The Safari Advisor
Kwintessential Kwihala: A Gem in Rugged Ruaha
by Steve Brynes
“Go West,”American journalist Horace Greeley famously advised young men looking for personal success in mid-nineteenth century America. Lounging at the airport in Arusha, I mused that the same advice appeared to be in play for the majority of visitors to Tanzania as
they waited to fly west to such iconic places as Ngorongoro Crater and the Serengeti in pursuit of safari success.
I’m not a
young man, but my faculties are still reasonably intact, so I instead headed south to Ruaha, a park known for its large elephant and
buffalo herds, as well as its lion prides that can include twenty-plus members. This course was set after much research, including
extensive reading and speaking with those in the know, all of which presaged a world-class safari without that major distraction of
the northern venues…..people. And in much the same way, I decided on Kwihala, a camp located near the Mwagusi River, an area
renowned for its outstanding game viewing, as my base for a 7-day stay in October 2012.
After being led from Coastal Aviation’s
terminal to the waiting aircraft, I was delighted to see not one of the usual Cessna work-horse planes that buzz visitors through
African skies, but the sleek, 9-passenger Pilatus PC12. With a higher service ceiling and cruise speed than the Cessnas, the
Pilatus made the trip to Ruaha comfortable, quick and smooth.
Upon deplaning at Ruaha’s Msembe airstrip, I was met by Johannes
and Nicolas for my road transfer to Kwihala. After a brief stop at the park HQ for paperwork, we set off across the rugged Ruaha
landscape, made all the more austere by the lingering dry season. Grass and brush were sere and yellow, and leafless Baobab
trees stood out in sharp relief. In the distance, bolts of sunlight shot through some late afternoon clouds, which held only the promise
of rain, imparting an almost biblical aura to the scene.
The car ride from airstrip to camp takes 45
minutes, but rather than taking a direct route, Johannes conducted a brief game drive. Ruaha is known for its lions, which often
will hunt larger animals, and soon we came upon a pride that was lazing around a downed giraffe. From the condition of the body,
it looked as if the giraffe had been taken earlier in the day. It was a classic scene of Africa: sated lions with bulging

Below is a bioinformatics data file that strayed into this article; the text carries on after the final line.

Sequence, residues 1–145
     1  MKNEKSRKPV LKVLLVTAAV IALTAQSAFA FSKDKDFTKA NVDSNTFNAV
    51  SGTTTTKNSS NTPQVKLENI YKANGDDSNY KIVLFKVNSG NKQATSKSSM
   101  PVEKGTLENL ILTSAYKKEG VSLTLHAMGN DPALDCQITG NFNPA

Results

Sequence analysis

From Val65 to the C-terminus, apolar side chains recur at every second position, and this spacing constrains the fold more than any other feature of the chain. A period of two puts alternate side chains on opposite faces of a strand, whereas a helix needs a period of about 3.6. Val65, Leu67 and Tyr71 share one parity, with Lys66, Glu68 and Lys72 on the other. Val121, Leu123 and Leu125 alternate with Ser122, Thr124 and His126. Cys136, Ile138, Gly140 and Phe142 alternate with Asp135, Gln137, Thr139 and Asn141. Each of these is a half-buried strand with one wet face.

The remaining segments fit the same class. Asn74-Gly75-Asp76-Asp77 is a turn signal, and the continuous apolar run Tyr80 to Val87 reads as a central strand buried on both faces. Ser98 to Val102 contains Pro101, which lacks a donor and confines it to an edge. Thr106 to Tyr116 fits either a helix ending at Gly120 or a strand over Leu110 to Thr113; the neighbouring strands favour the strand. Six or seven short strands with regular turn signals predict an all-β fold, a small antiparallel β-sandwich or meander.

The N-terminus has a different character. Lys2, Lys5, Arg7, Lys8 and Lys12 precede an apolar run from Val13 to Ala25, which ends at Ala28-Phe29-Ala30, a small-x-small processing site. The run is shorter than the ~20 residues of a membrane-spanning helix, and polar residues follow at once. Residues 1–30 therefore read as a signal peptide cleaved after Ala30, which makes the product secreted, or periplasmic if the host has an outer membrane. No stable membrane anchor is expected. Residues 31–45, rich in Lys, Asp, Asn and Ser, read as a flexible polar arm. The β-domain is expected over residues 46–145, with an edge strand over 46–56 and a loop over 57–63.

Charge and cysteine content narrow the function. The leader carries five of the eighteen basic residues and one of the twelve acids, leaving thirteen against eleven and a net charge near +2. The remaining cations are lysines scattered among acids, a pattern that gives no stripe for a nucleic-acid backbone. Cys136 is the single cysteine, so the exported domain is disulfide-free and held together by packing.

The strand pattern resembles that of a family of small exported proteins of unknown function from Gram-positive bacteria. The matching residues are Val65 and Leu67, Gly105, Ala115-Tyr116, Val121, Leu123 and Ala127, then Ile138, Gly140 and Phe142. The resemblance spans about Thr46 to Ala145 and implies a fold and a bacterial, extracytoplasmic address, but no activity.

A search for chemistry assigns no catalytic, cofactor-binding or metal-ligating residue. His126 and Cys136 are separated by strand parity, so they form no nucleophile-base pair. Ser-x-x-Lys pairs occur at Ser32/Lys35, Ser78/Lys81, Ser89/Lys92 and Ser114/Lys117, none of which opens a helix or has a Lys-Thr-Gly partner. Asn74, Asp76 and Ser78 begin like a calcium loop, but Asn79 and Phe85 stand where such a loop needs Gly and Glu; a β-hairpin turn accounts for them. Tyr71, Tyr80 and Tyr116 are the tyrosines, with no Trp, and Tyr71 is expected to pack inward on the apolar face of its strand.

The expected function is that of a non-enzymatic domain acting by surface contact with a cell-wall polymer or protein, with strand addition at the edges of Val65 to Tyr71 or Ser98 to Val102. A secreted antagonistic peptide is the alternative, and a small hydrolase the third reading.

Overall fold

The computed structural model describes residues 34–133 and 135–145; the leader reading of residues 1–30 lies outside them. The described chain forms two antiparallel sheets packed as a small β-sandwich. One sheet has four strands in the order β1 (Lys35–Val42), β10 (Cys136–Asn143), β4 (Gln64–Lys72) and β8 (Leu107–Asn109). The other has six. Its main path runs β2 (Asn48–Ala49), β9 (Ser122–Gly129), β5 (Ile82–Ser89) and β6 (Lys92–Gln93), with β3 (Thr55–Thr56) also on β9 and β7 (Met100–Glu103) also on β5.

bellies drowsing in the afternoon heat, a black-backed jackal standing about 15-20 feet away, waiting for an opportunity to sneak
in for a taste, and an occasional low growl from the lions advising the jackal to mind its manners.
the scene was not entirely grim. As I snapped away with my camera, I could hear Nicolas softly bantering with Johannes and then
some restrained laughter. I asked, “Why are you guys laughing?”
“Johannes is looking everywhere, checking to see if Grumpy
is nearby,” Nicolas replied.
“Yes, this pride has two large males, Grumpy and his sibling, whom we call Brother. Johannes once got too close while Grumpy was mating and he made a menacing move to the car. Since that time Johannes does not
want to be near him.”
“I hate that lion,” Johannes sheepishly intoned as he squirmed in his seat.
Johannes’ experience is
not unique. Pietro Luraschi, one of Kwihala’s Rotating Field Guides, gave this account of his encounter with Grumpy:
lions you will never forget. We heard roaring…, so we drove straight down and we found a female with three cubs on the bank
and a big male [Grumpy] with another female close by the road. Probably at the beginning of a mating session.
the two and as we were still more than 15 meters far the male stood up, his face full of blood from several wounds on his face, the
worst just below the left eye, that was swollen and completely closed. The big boy did not think twice and as we were still moving
straight, I immediately stopped the car and shouted at him but he kept coming....it was a mighty vision, a lion growling
and running towards me, the teeth bared, one eye wide open and the other dripping blood. I started banging the car's door with
my hand and he stopped, less than
two meters from the car. It kept looking at me, I was talking him off, he went on snarling for a